For decades, clothes dryers did not change a great deal. The basic principle of injecting heated air and drawing out moisture as clothes tumbled in a drum was the same in all makes and models, gas or electric powered. There were much fewer choices than on a washer. Just pick the temperature cycle and length of drying time.
That same design remains in basic dryer models but in more expensive dryers, the addition of a steam cycle has added another choice to clothing care.
If you use the same setting for every dryer load, you're probably not getting the best results from your dryer. Unless all of your laundry loads are the same size and type of fabric, you can be wasting money on energy costs, lessening the lifespan of your dryer, and damaging your clothes. And, of course, several things should never be placed in the dryer at all.
Air Dry or Air Fluff Cycle
On this cycle, there is no added heat. The dryer simply pulls in fresh room temperature air and the drum turns and tosses your clothes to help them "fluff-up." The cycle does help remove dust, lint, and pet hair from fabrics by drawing them into the dryer filter screen. Air dry is particularly useful for fluffing pillows or down-filled items like coats and comforters. You'll get the best results by adding a few wool dryer balls to provide a beating action.
This cycle is also great for freshening dry clean only clothes or those that have been stored and smell musty. Add a dryer sheet or a damp cloth scented with essential oil to add a bit of freshness and help tumble out wrinkles.
Remember, the air dry or air fluff cycle will not completely dry wet clothes.
Delicate or Gentle Cycle
As this cycle clearly states, this is a gentle drying cycle for delicate fabrics. While women's "delicates" like bras and panties should never be placed in the dryer, there are other thin or lacy fabrics that fit the description.
Any loosely woven garment; made of rayon or silk; or has added embellishment from light beading or sequins, embroidery, or iron-on decals (sports jerseys) should be dried on the gentle cycle. It is especially important to use this cycle for high-performance fabrics. These garments cannot withstand high heat. They will fray, stick together, and may fade on high heat.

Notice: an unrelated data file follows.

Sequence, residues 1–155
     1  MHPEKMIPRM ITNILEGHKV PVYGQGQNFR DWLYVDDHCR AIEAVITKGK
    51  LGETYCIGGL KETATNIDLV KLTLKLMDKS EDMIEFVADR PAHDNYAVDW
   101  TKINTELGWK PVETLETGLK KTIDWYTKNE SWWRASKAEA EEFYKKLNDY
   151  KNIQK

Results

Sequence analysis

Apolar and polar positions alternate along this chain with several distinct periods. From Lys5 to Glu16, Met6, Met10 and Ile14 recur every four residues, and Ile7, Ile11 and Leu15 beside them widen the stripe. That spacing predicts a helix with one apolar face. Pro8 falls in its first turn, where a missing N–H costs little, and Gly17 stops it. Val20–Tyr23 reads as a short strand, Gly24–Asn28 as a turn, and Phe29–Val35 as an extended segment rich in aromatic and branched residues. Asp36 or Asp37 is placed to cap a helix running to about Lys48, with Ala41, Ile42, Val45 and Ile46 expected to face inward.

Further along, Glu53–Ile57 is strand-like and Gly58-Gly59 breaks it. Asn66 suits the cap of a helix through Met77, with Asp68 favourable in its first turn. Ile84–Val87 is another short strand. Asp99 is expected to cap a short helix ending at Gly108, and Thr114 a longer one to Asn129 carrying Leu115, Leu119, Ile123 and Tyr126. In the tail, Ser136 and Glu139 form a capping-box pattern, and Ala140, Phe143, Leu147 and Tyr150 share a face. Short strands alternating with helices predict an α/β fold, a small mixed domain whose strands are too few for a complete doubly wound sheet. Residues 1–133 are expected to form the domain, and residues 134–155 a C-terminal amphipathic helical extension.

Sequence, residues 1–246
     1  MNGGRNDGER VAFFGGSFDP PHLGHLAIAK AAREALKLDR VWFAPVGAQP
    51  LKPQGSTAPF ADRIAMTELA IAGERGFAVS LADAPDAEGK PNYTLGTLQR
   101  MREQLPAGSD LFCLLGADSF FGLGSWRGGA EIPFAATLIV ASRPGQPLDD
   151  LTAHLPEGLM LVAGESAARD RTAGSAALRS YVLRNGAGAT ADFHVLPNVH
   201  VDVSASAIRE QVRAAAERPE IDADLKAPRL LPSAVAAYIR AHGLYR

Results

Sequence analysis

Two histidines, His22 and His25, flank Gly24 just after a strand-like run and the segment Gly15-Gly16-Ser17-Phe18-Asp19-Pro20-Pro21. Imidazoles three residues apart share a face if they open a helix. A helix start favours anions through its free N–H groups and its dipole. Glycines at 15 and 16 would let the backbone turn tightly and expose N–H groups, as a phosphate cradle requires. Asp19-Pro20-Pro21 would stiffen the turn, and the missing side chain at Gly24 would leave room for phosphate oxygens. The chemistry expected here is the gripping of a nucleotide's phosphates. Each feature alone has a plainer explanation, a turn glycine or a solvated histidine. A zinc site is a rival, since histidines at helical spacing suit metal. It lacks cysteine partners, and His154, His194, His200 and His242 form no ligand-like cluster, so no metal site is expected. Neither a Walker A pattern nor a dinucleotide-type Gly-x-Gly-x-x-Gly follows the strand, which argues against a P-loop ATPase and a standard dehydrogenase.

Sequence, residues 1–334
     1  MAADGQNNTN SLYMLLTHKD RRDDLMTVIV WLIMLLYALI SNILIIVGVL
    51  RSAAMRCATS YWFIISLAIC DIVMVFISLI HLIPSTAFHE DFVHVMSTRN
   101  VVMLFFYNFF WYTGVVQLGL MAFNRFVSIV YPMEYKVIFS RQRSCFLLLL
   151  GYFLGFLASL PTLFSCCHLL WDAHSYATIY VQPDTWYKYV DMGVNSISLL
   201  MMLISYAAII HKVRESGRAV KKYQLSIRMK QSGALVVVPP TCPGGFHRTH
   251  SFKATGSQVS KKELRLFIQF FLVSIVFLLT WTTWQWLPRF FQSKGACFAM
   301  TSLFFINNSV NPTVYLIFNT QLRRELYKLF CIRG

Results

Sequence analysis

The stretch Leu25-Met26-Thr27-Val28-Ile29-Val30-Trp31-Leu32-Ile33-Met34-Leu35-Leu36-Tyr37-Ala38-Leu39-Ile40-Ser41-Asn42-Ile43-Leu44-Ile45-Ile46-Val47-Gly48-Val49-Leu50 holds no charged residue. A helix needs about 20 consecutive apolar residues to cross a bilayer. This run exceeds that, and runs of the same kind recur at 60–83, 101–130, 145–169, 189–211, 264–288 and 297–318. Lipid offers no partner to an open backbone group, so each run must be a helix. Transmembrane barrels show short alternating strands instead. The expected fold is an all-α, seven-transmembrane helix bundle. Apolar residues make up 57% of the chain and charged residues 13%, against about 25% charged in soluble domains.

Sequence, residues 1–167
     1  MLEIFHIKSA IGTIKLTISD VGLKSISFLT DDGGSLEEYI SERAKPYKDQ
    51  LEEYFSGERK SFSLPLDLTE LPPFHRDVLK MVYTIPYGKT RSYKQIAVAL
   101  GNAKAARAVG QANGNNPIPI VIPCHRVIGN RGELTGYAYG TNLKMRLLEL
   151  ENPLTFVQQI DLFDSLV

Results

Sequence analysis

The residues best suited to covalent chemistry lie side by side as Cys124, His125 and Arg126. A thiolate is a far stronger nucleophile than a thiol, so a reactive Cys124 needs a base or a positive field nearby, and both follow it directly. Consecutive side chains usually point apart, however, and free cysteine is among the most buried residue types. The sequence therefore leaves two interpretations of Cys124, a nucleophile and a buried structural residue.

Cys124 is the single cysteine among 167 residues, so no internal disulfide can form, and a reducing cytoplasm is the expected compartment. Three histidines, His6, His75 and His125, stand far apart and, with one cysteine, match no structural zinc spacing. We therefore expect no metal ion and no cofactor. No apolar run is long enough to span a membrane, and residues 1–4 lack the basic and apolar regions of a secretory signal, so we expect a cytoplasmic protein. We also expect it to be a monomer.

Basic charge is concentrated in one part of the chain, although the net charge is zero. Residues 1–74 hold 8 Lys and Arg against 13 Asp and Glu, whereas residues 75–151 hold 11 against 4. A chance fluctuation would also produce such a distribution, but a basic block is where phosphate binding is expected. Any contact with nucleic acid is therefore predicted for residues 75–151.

Permanent Press or Wrinkle-Resistant Cycle
The permanent press cycle should be used for almost everything you wear like shirts, blouses, dresses, slacks, jackets, outerwear, even non-cotton socks. While some manufacturers recommend that it be used for any synthetic fabric (polyester); I recommend it for any lightweight cotton, ramie, linen or natural fiber washable garment as well. The permanent press cycle uses a medium level of heat to prevent wrinkling and the damage that high heat can cause. Many of the permanent press cycles on today's dryers have a cool-down period of around 10 minutes that uses only room-temperature air to help relax wrinkles in fabrics. A cooler fabric will not wrinkle as badly when folded as a fabric at a higher temperature.
Permanent press does not mean that your clothes will come out of the dryer completely wrinkle-free. You can also reduce the need to iron by promptly removing the clothes and hanging or folding them.
Regular Cycle, Automatic, or Timed Dry
This is the cycle for towels, sheets, sweats, and jeans.
Whether you choose automatic dry that uses a moisture sensor to determine if your clothes are dry or select the amount of time you feel the clothes need, the regular cycle is going to use the highest heat setting available on your dryer. While it doesn't shrink your clothes (the hot water in the washer does that), it can melt decorations, and set stains and wrinkles.
The moisture sensor will only work efficiently if you keep it clean. Regular use of dryer sheets leaves a coating of residue that prevents the sensor from working allowing clothes to overdry and waste your money. Dip a cotton swab in rubbing alcohol and give it a good cleaning every month.
Remember, high heat is harsh on fabrics; choose it only for the strongest fabrics.
Some dryer models have a feature that creates steam within the drum independent of the traditional drying cycle. The steam cycle is good for refreshing clothes that don't need to be washed but need a little odor and wrinkle removal. The moist steam does not aid in the drying process.
The steam cycle can also be added at the end of a drying cycle to prevent wrinkles if you forgot to remove the clothes promptly from the dryer.